AC Joint Separation

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AC Joint Separation

  1. 1.  A 42yo presents to the ED after being struck in the right shoulder with a baseball bat. On exam, he refuses to move his shoulder secondary to pain and is tender on the top of his shoulder.
  2. 2.  Classic imaging appearance  Widening of the acromioclavidular (AC) joint space ≥3mm with or without widening of the coracoclavicular (CC) distance
  3. 3.  Type I  Mild, bruised ligaments, no actual separation of the AC joint—a clinical diagnosis  Type II  Moderate, partial tear in the AC ligaments, ≥ 3mm separation of the AC joint  Type III  Severe, complete tear of the AC as well as the CC ligaments, compete separation of the AC joint  Type IV  Type III injury and associated posterior dislocation of the distal end of the clavicle
  4. 4.  Type I  Sling and adhesive strapping  Excellent prognosis  Type II  Same as above +/- arthroplasty  90% recover; 10% require surgery  Type III  Internal fixation; fixation screw being passed from the clavicle downwards into the coracoid process  80% good; 20% require reoperation  Type IV  Open reduction and internal fixation  Similar to type III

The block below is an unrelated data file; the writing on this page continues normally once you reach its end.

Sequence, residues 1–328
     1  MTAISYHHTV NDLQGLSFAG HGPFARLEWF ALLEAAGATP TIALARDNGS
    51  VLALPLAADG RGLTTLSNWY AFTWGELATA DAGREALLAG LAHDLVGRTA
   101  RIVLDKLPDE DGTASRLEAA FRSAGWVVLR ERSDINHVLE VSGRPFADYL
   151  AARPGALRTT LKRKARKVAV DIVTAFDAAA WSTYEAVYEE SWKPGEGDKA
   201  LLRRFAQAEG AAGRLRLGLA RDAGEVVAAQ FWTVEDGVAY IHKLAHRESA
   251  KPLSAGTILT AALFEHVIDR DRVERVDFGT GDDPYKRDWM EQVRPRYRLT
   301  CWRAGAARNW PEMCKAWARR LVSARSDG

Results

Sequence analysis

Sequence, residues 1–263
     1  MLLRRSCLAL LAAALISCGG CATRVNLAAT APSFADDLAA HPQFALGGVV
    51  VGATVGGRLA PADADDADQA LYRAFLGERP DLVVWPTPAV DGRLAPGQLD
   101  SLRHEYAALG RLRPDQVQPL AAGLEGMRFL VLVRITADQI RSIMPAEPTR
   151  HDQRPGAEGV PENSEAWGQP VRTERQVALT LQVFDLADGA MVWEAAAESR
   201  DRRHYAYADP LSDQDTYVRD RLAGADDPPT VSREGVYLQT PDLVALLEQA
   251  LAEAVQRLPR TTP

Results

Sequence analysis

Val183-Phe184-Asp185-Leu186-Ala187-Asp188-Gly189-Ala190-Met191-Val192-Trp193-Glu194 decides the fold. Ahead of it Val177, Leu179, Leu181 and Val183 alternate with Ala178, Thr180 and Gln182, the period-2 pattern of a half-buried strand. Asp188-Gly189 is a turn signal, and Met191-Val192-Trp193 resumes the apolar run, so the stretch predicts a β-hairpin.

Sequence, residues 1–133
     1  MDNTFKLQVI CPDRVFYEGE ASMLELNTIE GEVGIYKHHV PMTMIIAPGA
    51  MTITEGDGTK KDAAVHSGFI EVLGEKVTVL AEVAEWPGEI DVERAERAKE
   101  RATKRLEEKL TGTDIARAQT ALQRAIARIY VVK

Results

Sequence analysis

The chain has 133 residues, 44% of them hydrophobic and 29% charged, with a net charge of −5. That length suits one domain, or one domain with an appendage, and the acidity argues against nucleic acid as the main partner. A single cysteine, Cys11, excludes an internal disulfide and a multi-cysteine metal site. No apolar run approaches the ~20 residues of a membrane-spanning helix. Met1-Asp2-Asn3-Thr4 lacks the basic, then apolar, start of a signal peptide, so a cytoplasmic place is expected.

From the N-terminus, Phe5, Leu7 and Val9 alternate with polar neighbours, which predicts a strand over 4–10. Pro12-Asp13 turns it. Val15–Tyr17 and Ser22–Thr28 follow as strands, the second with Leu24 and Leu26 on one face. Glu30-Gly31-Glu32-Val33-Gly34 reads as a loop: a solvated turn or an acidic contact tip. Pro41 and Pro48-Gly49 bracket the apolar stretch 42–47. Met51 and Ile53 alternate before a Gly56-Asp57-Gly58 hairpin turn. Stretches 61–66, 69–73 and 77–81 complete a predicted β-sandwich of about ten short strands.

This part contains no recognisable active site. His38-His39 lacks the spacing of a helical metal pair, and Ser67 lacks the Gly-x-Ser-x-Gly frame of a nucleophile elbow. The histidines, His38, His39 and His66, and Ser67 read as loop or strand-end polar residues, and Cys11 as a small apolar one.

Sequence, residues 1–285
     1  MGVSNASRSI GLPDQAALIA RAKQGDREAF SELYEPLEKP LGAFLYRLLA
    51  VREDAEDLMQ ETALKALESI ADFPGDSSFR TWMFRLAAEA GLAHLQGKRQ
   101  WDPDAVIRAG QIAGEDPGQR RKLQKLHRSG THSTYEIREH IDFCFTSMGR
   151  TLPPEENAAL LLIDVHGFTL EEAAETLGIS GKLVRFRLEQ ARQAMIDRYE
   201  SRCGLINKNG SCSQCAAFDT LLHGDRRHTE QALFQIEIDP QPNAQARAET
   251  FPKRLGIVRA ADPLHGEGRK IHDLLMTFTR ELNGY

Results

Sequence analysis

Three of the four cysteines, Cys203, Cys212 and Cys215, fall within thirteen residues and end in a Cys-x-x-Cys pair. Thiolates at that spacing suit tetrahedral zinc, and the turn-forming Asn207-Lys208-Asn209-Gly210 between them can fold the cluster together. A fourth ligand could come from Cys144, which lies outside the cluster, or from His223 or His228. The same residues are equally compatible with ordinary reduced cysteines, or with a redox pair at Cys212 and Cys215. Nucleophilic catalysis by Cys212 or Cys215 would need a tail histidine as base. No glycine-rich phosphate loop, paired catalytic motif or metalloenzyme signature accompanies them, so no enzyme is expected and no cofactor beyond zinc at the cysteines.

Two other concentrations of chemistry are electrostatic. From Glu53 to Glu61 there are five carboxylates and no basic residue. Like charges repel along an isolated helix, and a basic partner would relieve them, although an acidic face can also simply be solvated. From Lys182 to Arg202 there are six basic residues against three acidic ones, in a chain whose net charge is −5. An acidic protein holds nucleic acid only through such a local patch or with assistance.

5. 5.  History typically of a direct blow to tip of shoulder, downward blow to the clavicle (sports), applying traction to the arm, or falling on the hand or elbow with the arm flexed at 90 degrees  Comparison with the contralateral side should be made before establishing the diagnosis, due to the large amount of anatomical variance  Associated with fractures of coracoid process and distal end of the clavicle
  6. 6.  Marx J MD; Hockberger R MD; Walls R MD. Rosen’s emergency medicine. 7th ed.  Simon R; Sherman S; Koenigsknecht S. Emergency orthopedics: the extremities. 5th ed. McGraw Hill Publishing.  Wheeless C R III MD. Wheeless textbook of orthopedics. www.wheelessonline.com.

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